2. Put a jeans needle in your machine if you have one, and an edge-stitching foot if you have one. I've recently started using the edge-stitching foot whenever I can—it just makes it easier to sew a straight line—but it's certainly not necessary here. I don't use any special kind of thread here, but you could use heavy-duty if you'd like. I used a dark blue in the needle and a dark gray in the bobbin. Using a slightly longer stitch than usual, sew right next to the turned-under edge of the original hem. Depending on the jeans and your machine, it may get tricky as you go over the side seam and inseam. Go slowly, and help it along by turning the wheel manually if necessary. If you can't get over the inseam, don't force it: cut the threads and continue by hand.

3. In this case, I did have to stop before I got to the inseam because it was too thick to fit under the presser foot, even when it was raised (these are men's jeans; I haven't had this issue with my own), so I sewed that part by hand with a doubled thread, a long needle, and a thimble.

4. Using a regular presser foot and switching the needle thread to light gray (if you want to be fussy about it), line up the left edge of the foot with the line of stitching you just made, and sew a line of zigzag stitching (scribbled in red here) all the way around the pant leg.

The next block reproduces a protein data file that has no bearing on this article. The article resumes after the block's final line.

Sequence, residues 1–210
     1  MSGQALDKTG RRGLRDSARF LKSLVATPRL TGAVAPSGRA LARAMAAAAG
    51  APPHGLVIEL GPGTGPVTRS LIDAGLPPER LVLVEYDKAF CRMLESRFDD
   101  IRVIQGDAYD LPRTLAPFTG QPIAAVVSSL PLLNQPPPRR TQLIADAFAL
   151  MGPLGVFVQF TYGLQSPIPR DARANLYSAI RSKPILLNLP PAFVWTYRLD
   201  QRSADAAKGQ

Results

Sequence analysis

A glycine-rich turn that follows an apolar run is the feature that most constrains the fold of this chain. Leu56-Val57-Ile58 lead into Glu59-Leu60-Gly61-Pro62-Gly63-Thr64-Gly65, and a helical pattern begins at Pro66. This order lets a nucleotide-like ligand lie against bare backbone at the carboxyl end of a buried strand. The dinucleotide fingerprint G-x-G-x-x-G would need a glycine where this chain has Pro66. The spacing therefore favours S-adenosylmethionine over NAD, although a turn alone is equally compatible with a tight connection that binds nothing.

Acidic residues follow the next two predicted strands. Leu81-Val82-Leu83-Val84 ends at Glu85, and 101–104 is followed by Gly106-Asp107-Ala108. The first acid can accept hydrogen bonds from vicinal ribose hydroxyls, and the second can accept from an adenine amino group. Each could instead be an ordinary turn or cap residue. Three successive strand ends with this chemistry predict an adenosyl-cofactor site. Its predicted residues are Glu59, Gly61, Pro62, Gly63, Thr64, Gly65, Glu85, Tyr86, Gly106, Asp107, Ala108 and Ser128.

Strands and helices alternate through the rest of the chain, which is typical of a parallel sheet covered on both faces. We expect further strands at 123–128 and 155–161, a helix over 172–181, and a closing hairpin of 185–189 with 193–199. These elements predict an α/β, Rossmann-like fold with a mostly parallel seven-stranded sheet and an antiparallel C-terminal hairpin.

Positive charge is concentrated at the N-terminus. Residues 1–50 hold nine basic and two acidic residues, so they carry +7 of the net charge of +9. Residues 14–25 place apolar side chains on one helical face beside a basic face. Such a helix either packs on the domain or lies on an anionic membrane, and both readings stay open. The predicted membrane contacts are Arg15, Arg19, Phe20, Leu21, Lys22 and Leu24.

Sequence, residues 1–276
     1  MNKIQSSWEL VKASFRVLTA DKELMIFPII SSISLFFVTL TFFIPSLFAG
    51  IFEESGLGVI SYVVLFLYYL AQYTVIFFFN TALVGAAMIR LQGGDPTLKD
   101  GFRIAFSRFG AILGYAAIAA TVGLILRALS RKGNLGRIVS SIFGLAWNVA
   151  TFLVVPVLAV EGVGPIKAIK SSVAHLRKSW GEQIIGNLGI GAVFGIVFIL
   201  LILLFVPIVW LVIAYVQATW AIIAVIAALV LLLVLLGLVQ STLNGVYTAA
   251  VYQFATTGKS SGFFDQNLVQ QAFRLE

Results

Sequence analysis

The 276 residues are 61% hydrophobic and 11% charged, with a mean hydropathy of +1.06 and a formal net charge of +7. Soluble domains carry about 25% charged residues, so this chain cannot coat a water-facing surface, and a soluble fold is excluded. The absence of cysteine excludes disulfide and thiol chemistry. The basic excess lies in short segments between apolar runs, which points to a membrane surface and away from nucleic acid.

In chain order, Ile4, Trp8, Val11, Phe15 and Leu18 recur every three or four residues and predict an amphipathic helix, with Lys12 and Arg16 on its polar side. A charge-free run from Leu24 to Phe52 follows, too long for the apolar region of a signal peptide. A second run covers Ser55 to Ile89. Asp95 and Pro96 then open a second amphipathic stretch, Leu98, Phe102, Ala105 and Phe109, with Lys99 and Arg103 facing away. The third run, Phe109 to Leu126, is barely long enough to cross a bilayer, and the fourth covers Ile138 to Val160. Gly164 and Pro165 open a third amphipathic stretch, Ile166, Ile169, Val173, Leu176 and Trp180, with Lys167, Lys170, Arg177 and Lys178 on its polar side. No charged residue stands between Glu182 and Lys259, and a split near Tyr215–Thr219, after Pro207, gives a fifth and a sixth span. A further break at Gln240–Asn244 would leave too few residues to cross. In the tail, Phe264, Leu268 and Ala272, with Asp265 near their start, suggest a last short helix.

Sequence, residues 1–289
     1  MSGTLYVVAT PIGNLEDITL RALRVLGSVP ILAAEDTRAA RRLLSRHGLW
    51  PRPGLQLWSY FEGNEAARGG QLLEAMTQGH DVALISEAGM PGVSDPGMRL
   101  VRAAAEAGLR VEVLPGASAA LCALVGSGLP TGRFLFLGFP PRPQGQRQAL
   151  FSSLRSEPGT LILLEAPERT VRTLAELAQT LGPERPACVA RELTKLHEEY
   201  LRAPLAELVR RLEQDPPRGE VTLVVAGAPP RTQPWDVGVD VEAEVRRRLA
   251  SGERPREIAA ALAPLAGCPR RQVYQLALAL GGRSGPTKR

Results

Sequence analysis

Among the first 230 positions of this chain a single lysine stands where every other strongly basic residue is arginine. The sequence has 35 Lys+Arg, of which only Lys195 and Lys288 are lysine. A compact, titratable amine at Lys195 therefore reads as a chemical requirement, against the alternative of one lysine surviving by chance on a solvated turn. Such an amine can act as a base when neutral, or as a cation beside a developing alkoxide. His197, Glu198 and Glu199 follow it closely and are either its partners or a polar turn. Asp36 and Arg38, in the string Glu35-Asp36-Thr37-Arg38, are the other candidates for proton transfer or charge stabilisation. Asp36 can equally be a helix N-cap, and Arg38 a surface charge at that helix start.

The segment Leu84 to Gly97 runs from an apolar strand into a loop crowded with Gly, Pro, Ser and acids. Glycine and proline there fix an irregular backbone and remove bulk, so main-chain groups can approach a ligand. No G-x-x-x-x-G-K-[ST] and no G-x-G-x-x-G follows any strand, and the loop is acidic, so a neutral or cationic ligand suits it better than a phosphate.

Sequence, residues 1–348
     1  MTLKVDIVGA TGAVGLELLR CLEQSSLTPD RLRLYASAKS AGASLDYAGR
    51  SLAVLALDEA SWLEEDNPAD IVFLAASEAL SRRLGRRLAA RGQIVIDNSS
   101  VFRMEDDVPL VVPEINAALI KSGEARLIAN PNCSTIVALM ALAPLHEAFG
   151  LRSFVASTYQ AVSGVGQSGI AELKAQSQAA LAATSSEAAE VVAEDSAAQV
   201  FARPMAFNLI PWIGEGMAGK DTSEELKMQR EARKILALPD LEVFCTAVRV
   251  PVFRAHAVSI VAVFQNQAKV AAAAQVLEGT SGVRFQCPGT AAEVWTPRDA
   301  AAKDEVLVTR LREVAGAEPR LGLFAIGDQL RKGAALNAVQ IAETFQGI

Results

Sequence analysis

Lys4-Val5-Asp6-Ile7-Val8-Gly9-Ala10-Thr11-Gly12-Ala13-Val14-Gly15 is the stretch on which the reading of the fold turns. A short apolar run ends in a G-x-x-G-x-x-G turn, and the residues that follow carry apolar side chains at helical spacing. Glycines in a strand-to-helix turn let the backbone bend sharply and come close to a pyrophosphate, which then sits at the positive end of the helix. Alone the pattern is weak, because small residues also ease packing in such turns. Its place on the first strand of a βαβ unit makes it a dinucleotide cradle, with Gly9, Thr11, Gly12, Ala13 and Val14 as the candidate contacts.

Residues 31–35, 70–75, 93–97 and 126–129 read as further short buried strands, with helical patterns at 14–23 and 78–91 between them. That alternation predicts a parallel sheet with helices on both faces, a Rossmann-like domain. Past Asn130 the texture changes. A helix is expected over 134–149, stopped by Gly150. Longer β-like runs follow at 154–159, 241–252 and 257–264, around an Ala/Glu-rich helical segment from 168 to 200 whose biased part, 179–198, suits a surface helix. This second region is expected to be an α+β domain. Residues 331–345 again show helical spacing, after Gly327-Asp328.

5. Cut off the folded edge as close to the zigzag stitching as you can, being careful not to cut the stitching and being extra careful as you cut through the thick side seam and inseam so your shears don't go where you don't want them to.

6. Sew another line of zigzag stitch that extends just over the cut edges to keep unraveling to a minimum; note that you're sewing through two layers of seam allowance here.

7. Turn the zigzagged edge up to the inside of the pant leg and the original hem to the bottom. Press the bejeezus out of it, using lots of steam.

7. By hand, tack the seam allowances up to the side seam and inseam to keep them from flopping out.

8. Press some more, and you should have a pretty good-looking hem that you'd have to look closely at to see wasn't the original. You may have to press them again after they go through the wash, you may not. You could also, I suppose, take them to a dry cleaner and ask them to hit the hems with the professional steam iron.